Wednesday, January 27, 2010

Guest Blogger: If Adoption Isn't the Answer, How DO We Care For Orphans?

Here's my standard disclaimer for all guest blogs: The opinions expressed herein are solely the opinions of the author. By publishing it here, I do not signal agreement or disagreement. The purpose of guest blogs is to bring a variety of viewpoints, some of which I might share, and some of which I might not. There, does that cover it?!

Our first guest blogger is Lisa Yabuki:

Well, I'm not a blogger, but I am an adoptive mom of a beautiful almost 7-year old girl from China and 2 bio boys ages 13 and 9. Unlike many who choose adoption because of biological necessity, we chose to add to our family through adoption after having 2 boys because we believed that there were children in the world who needed families, and we felt that we could be that family for one child. In reading Malinda's blog for some time now, I have realized that not everyone has this rosy picture of adoption being a win-win situation for the child and the adoptive family. There has been a real focus on the losses experienced by the birth families and by the adoptees themselves. Even the nature of adopting has been called into question as a practice which breeds corruption and child trafficking, and some have likened adoptive parents to kidnappers who steal other people's children for their own benefit. While I don't espouse these extreme views, it has gotten me thinking about the problem of orphans in this world and how I as a Christian ought to respond. Certainly adoption is not the only thing that can be done to help orphans, but I also think that children need something more than just shelter and sustenance to be truly whole human beings. Ideally all children would be cared for by their birth parents, but this is not an ideal world. So, what is to be done?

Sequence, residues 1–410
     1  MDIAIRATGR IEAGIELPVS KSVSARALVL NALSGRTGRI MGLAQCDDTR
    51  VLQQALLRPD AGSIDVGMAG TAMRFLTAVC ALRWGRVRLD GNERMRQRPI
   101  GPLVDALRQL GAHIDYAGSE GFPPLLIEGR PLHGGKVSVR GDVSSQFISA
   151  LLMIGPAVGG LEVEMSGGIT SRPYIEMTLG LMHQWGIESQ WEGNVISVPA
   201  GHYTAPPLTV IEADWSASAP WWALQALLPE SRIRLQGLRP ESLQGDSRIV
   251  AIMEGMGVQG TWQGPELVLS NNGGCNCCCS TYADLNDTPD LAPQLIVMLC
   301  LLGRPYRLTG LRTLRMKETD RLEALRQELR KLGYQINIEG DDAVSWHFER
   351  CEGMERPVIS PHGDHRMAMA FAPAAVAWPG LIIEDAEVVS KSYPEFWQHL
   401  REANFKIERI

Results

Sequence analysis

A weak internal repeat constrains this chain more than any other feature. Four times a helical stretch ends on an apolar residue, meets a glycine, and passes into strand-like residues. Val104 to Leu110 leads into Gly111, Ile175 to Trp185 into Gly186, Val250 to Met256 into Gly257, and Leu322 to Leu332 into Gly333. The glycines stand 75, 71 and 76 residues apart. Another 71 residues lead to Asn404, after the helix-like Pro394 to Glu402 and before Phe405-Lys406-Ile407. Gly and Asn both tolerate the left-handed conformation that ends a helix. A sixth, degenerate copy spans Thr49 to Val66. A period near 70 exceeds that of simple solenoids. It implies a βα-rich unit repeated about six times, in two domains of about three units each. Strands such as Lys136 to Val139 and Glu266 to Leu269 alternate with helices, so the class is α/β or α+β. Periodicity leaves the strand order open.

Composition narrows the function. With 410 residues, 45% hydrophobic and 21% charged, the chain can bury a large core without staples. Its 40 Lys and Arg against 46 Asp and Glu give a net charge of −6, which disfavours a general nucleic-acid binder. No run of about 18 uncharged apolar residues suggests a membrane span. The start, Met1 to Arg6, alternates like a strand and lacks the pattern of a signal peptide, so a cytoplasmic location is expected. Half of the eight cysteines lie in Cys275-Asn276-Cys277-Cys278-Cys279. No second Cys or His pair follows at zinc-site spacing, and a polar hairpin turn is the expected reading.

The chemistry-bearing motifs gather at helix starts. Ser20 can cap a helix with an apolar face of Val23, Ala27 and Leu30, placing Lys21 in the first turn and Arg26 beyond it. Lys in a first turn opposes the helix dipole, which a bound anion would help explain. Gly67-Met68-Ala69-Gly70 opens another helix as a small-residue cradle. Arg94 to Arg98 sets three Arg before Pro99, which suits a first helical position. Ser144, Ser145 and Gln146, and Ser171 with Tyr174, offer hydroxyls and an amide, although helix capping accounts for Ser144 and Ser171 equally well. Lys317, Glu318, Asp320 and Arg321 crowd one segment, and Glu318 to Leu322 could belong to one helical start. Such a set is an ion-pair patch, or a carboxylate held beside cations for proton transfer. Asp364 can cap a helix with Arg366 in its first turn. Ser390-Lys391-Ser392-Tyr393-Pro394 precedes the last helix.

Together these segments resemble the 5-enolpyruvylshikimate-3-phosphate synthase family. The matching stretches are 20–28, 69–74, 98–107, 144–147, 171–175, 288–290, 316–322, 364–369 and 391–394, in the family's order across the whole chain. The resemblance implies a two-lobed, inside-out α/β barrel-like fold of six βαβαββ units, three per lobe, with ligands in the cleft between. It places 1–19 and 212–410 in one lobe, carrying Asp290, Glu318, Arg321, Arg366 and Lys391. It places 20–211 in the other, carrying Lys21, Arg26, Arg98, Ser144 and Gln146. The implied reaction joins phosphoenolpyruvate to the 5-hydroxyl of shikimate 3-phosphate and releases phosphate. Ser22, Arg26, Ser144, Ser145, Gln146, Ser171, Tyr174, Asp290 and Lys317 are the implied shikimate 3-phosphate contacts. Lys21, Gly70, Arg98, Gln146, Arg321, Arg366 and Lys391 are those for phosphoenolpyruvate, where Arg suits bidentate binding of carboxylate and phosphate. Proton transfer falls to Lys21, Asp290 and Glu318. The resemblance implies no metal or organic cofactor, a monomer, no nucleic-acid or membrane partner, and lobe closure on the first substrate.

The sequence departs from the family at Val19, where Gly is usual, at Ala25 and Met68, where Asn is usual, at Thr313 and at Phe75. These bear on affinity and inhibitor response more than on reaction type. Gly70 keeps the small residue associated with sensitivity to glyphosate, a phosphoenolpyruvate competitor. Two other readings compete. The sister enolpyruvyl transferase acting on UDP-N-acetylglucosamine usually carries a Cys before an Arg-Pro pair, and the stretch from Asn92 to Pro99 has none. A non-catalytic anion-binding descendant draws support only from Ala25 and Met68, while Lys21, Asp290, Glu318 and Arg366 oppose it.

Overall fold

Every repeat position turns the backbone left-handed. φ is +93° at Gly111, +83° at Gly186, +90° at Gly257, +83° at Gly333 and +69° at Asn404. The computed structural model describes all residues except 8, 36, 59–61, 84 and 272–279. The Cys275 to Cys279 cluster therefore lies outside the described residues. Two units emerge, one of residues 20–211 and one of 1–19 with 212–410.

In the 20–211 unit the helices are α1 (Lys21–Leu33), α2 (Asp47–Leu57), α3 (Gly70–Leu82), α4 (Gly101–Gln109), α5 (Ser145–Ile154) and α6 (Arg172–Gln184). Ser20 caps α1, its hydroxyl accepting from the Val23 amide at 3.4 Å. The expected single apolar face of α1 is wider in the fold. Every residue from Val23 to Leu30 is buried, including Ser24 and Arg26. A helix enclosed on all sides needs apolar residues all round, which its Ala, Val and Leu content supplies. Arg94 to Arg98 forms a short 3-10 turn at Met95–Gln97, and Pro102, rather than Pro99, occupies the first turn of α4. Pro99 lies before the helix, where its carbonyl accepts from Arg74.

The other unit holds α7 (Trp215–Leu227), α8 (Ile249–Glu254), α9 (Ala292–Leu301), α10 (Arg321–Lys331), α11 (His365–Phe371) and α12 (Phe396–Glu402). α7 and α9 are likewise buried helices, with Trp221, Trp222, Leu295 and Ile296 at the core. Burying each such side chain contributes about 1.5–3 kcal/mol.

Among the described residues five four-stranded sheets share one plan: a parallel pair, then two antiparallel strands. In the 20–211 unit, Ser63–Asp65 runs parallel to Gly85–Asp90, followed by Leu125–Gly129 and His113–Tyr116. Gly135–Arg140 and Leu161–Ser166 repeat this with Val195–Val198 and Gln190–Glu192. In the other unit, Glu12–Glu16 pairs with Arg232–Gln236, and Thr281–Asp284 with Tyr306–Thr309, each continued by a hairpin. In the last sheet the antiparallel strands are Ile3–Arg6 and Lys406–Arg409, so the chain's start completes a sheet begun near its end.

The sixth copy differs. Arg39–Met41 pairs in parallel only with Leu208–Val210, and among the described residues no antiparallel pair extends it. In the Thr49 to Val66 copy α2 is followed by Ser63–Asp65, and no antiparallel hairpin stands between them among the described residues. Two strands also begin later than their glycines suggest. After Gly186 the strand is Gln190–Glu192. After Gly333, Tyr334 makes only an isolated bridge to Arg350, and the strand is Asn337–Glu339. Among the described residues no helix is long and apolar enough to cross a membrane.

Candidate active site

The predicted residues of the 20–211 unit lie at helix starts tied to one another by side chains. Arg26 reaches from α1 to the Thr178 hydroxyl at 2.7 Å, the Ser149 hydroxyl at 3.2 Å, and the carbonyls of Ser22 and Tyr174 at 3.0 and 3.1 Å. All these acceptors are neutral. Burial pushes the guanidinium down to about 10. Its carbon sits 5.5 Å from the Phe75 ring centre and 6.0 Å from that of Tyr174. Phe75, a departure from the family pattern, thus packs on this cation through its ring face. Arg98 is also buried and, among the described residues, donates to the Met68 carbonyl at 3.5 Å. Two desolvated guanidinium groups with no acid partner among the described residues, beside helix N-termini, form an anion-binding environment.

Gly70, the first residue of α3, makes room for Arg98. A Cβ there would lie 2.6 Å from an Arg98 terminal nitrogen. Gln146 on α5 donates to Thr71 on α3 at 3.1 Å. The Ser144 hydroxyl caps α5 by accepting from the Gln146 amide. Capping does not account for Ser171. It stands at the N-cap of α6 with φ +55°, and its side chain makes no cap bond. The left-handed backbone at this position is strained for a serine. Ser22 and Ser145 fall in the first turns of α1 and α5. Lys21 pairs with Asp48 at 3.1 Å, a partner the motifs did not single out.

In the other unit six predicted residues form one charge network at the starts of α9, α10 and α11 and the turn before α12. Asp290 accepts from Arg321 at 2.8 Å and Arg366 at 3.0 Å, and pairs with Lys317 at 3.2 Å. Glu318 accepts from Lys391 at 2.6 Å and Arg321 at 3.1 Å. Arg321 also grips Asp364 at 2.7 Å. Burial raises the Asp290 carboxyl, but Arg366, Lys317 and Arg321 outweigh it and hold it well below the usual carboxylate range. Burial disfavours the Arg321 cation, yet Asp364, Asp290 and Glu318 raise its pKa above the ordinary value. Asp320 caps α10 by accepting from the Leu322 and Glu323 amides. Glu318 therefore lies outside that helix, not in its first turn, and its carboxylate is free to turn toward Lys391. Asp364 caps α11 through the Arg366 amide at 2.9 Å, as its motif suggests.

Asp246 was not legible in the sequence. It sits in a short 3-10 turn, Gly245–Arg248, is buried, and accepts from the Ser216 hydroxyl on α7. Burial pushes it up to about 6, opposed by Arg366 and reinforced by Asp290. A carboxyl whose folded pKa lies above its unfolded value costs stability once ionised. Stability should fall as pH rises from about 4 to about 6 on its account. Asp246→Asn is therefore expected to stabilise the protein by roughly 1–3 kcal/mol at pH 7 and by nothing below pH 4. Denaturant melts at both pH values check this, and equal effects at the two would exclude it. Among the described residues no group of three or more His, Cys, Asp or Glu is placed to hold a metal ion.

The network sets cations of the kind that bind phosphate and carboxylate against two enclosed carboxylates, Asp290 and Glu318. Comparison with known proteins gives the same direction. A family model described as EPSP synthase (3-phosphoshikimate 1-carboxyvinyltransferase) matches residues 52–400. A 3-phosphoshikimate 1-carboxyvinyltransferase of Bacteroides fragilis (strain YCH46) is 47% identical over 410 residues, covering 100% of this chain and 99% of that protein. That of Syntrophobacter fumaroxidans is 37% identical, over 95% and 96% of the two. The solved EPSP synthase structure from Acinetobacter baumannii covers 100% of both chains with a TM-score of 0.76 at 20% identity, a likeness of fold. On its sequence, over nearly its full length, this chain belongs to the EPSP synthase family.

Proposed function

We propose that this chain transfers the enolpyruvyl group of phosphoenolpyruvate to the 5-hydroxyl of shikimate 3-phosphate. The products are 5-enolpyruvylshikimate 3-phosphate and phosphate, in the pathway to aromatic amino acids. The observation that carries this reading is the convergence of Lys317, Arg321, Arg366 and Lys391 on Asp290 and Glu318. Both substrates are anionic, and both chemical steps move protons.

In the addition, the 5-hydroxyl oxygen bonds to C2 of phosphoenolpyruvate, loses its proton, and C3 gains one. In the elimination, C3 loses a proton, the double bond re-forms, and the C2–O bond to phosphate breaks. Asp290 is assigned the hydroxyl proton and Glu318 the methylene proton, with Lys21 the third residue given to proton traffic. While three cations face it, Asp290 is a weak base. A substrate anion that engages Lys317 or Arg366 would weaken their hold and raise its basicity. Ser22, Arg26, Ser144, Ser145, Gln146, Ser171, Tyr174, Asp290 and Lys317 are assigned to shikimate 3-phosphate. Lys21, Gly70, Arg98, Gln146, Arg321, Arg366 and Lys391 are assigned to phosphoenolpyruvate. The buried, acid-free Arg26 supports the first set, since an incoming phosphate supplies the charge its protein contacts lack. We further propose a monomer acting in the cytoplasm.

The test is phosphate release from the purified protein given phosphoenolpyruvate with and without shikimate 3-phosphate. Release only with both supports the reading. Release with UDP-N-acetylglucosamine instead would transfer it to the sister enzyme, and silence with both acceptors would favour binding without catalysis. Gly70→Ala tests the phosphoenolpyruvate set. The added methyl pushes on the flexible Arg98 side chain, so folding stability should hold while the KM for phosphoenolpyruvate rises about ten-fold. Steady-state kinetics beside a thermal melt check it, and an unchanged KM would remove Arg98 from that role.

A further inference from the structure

A friend of mine heads up an organization called Yes, it is a Christian organization, but I don't think it fits the stereotype that many people have about Christian organizations. The goal of worldorphans is to get the churches in the child's community of origin to care for the needy children of the community in a family-like setting. The children benefit by remaining in their birth communities, and the community's awareness is raised by seeing what the churches are doing. I am curious what readers of this blog think about this type of approach to orphan care.


Love for Lilly Yin said...

Not a bad idea...if it can be accomplished on a global level. i am interested in seeing how this would work in communist countries such as China....and how it would be accepted within a community. I still think the best place for a child is with a family. Where they are shown unconditional love, and are taught how to love and care for each other. I am just still unsure of how well it would work. I will research it more though. Thanks for sharing!

The Gang's Momma! said...

I think it's exactly what Jesus meant when he told his followers to "care for the widows and orphans." If you believe the teachings of Jesus, you have to act upon them. I think that groups like your friend's org and many, many others ARE doing it well in China. Maybe not as official documented churches as in this org's plan, but maybe as outreaches of churches banding together. Or as Christian orgs. Like Love Without Boundaries.

The Bible says that WE (His followers) are the church (not only the strict definition of the bricks and mortar tax-exempt structure set up by the gov't), so it stands to reason that when WE put our hands to work, when we mobilize to create or support these types of orgs, we are BEING His representatives, His church if you will, in practice. Not just in word.

They are doing the hard work on the ground. And we are supporting that work when we support them. We are helping care for orphans when we support orgs like this. When we DO for them so that they can DO for the orphans.

Oh, and thanks for the tip of yet another group BEING His hands and feet. I'm on my way to check them out now!

Myst said...

Completely agree with this approach. I agree with the comment above, I feel this is what Jesus meant by caring for orphans and widows... I do NOT feel he meant by taking them out of their natural communities, away from everything they have ever known and altering their whole legal identity so they lived an alternate reality to the the one they were born too... which is what adoption does.